Health food is fresh, natural, unprocessed food. It does not contain 22
3 preservatives to make it last longer or chemicals to make it taste 23
or look better. Most health food enthusiasts are vegetarians: They 24
eat no meat; they prefer to get their essential proteins from other 25
sources, such a(beans, cheese, and eggs./ 26
Fast-food restaurants are now expanding rapidly all over the 27
country. In the United States, speed is a very important factor. Peo- 28
pie usually have a short lunch break or they just do not want to 29
4 waste their time eating. Fast-food restaurants are places which take 30
care of hundreds of people in a short time. There is usually very 31
Uttle waiting, and the food is always cheap. Some examples are 32
''burger and pizza Iplaces. 33
America's attitude toward food is changing, too. The tradi- 34
tional big breakfast and dinner at 6:00 P.M. are losing popularity. 35
5 People are rediscovering the social importance of food. Dinner with 36
family or friends is again becoming a very special way of enjoying 37

54 Food in America
and sharing. Like so many people in other cultures, many Ameri- 38
cans are taking time to relax and enjoy the finer tastes at dinner, 39
even if they still rush through lunch at a hamburger stand. 40

React
Underline one idea which surprised you in the reading.
Tell the class why it surprised you.

D. Scanning/Vocabulary
Part 1
DIRECTIONS: Scan the reading for these words. Write the number of the line where you
find the word. Then compare its meaning in the sentence to the meaning of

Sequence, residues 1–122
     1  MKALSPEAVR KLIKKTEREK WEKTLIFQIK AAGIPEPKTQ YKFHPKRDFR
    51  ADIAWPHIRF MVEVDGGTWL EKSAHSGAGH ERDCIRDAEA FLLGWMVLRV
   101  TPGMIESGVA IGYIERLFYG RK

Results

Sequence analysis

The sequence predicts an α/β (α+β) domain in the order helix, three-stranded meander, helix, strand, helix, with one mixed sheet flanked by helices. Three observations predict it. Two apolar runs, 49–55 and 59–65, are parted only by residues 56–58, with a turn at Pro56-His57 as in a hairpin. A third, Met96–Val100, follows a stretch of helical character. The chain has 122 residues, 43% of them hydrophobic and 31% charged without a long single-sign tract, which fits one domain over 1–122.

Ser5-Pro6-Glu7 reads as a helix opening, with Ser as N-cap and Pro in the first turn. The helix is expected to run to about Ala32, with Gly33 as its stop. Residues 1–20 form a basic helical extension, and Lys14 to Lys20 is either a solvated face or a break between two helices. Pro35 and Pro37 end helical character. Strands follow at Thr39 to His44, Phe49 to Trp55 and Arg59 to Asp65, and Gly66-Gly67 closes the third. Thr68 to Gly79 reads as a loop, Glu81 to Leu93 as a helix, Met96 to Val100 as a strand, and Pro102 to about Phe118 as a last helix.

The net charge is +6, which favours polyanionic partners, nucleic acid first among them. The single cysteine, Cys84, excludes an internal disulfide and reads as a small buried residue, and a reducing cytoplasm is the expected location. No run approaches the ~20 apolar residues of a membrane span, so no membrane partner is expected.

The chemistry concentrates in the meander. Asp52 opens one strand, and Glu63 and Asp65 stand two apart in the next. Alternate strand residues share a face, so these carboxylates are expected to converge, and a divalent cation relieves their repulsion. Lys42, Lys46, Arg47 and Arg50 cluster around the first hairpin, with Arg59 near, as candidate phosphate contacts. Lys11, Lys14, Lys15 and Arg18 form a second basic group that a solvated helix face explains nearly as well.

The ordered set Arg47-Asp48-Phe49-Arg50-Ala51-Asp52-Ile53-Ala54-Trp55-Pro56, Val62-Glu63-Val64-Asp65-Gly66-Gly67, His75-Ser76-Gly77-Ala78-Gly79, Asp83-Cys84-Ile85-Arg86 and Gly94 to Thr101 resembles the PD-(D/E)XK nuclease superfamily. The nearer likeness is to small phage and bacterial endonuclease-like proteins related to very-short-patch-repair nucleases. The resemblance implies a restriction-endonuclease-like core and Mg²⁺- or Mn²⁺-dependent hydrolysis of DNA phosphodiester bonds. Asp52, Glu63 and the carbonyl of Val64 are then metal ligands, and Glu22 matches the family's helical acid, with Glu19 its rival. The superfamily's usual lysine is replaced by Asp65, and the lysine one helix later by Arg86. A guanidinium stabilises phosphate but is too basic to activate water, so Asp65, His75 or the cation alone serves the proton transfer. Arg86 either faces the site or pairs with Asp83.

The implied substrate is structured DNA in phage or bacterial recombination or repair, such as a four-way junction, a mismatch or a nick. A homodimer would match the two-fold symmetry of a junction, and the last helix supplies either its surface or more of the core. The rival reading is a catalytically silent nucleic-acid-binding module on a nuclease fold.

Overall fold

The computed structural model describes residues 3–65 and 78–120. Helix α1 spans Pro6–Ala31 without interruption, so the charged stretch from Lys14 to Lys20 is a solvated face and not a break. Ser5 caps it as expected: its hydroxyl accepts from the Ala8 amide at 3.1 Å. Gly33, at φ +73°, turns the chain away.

the word(s) on the right. Are the words similar or different? Write similar or
different on the line-.

LINE
NUMBER SIMILAR OR DIFFERENT

1. traditionally recently
2. waste use with no benefit
3. essential important
4. unchanging fixed
5. native foreign
6. gained increased
7. well-being health
8. fresh processed
9. vegetarian meat-eater
10. taking time rush

A First Look 55
Part 2
DIRECTIONS: Find a word or words in the reading that has (or have) the same
meaning as the word(s) below, and write it on the line. The
number of the line is given to help you.

1. well-known (2)
2. choices (4)
3. different (4)
4. usual (6) ____________________
5. cultural (6)
6. areas (10)
7. enjoyable (12)
8. strange (21)
9. important (25)
10. feeling (34)

E. Comprehension

DIRECTIONS: Answer the following questions about each of the paragraphs in the reading.

Paragraph 1. Three categories of food are:


a.
b.

Paragraph 2. In the United States, there is food from around the world. Give two
examples:

a.
b.
Paragraph 3. Many people are now interested in health food. What is health
food?

56 Food in America
Paragraph 4. Fast food has become very popular.
Write two reasons why.
a.
b.